August 18, 2015–Experts agree breastfeeding is the best source of
nutrition for babies to develop, grow, and stay healthy. Yet some new
mothers need a little extra help understanding the benefits of breastfeeding
and learning how to nurse their baby effectively. Southeast Georgia Health
System is proud to be part of the Baby-Friendly Hospital Initiative led
by the World Health Organization and UNICEF to give new mothers guidance
for achieving optimal breastfeeding and mother-baby bonding outcomes.
“Breastfeeding is one of the best ways for mothers to improve both
their baby’s health, and their own health,” says Lee B. Heery,
M.D., board certified pediatrician with Southeast Georgia Physician Associates-St.
Simons Pediatrics, a strategic affiliate of the Health System. “It
protects babies from common childhood infections, asthma, obesity, and
diabetes, and helps mothers lose pregnancy weight and reduce the risk
for conditions such as heart disease and certain cancers.”
Southeast Georgia Health System is on track to achieve the prestigious
Baby-Friendly designation by September 2016. The Baby-Friendly designation
recognizes hospitals that provide optimal support for breastfeeding by
implementing a ten-step plan to successful breastfeeding.
The plan, developed by a team of global experts, consists of evidence-based
practices that have been shown to increase rates of breastfeeding initiation
and duration, and help mothers bond with their newborns. Since starting
the Baby-Friendly designation journey, the number of new mothers who exclusively
breastfeed during their stay at the Health System maternity care centers
has risen with rates as high as 76 percent.
The Health System offers childbirth education and breastfeeding courses
during pregnancy, where women learn important skills including baby positioning
during feedings, maintaining lactation and breast pumping techniques.
After delivery, the nursing team offers guidance and encourages mothers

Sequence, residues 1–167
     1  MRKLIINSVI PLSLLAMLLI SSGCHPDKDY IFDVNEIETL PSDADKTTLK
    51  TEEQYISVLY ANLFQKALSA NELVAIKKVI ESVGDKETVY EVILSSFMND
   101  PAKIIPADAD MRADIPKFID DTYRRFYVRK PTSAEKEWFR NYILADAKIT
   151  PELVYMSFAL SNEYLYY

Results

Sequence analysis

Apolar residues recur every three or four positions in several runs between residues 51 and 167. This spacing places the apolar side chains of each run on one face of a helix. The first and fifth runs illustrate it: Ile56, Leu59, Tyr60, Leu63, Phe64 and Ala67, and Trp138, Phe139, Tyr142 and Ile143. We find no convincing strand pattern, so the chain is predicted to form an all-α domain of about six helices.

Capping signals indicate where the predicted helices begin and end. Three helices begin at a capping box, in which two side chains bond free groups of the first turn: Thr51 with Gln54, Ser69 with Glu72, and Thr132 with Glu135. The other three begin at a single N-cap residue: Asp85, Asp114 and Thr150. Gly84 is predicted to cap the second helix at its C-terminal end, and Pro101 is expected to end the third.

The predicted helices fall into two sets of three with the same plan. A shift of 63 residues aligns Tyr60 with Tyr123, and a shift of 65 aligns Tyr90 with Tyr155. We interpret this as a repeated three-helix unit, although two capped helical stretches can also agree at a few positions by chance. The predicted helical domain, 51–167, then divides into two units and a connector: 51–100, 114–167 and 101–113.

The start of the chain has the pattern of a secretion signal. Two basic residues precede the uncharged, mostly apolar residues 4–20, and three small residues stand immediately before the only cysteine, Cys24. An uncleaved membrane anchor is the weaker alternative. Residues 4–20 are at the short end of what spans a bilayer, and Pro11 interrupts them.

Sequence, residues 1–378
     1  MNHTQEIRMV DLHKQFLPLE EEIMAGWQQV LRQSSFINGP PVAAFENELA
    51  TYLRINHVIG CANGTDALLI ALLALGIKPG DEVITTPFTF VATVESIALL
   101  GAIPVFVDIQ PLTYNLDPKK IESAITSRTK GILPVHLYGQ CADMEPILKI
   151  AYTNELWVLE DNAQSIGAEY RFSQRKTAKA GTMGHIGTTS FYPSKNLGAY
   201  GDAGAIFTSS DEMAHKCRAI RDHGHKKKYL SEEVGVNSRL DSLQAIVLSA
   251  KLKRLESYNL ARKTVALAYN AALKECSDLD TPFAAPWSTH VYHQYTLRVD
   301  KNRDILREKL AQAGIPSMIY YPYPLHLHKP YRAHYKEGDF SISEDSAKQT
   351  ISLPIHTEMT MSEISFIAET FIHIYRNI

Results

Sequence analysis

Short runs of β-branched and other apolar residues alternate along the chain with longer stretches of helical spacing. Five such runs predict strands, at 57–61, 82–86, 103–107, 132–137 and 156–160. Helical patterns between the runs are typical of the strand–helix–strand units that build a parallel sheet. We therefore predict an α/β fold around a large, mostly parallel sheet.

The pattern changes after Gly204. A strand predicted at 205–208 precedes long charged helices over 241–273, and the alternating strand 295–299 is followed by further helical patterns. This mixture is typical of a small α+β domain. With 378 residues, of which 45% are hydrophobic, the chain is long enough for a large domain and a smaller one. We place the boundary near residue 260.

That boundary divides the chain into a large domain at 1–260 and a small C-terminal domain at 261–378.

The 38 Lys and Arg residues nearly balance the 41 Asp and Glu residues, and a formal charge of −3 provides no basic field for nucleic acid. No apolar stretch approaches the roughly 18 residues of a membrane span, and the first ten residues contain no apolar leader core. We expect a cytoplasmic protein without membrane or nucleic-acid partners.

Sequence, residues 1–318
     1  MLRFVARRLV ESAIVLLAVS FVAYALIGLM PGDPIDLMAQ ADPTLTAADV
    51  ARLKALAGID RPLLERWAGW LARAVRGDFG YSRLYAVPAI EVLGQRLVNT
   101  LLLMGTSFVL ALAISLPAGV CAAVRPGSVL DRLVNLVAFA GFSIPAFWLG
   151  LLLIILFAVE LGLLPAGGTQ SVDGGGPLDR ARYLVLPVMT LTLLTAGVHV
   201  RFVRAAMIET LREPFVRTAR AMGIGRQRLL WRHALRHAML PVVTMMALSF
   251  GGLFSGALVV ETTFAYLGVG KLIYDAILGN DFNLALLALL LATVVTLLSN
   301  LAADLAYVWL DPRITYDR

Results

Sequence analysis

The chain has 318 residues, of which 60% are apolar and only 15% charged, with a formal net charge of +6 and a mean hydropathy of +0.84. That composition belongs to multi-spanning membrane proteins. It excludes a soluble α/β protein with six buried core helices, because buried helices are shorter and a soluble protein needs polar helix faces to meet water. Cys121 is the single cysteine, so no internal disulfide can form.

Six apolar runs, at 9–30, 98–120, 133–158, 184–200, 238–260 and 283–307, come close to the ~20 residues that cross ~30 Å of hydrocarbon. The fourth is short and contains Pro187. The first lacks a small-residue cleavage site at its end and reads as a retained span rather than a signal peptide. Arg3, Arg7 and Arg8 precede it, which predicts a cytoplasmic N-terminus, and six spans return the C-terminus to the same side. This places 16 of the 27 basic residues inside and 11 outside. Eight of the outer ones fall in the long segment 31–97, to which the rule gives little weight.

to begin breastfeeding within the first hour of their baby’s life.
“Studies have found that the sooner you can get breastfeeding started,
the more likely the overall success for the mom and the baby,” says
Shannon Wainright, R.N., MBA, director, Patient Care Services at Southeast
Georgia Health System.
One of the practices encourages skin-to-skin contact in the first moments
of a baby’s life, regardless of feeding choice. Nurses place newborns
directly on their mother’s chest after birth, which helps regulate
the baby’s body temperature, heart rate, and breathing without the
need for medical intervention.
“The transition from the womb to the outside world is easier for
babies when they’re placed on the mom skin-to-skin,” Wainright
says. “It also aids breastfeeding. The baby is more likely to latch
on, and to latch more effectively after this type of bonding occurs.”
Skin-to-skin contact worked well for St. Simons Island resident Heidi
Harris and her newborn son, Miles, now five weeks old. “My son was
placed on my chest, skin-to-skin, immediately after he was born and he
was nursing within 20 minutes. I believe this, along with the support
of all the nurses who cared for both of us, has helped me be able to exclusively
breastfeed my son.”
Wainright adds, “It’s not just about that first moment, but
about the overall bonding experience and relationship built immediately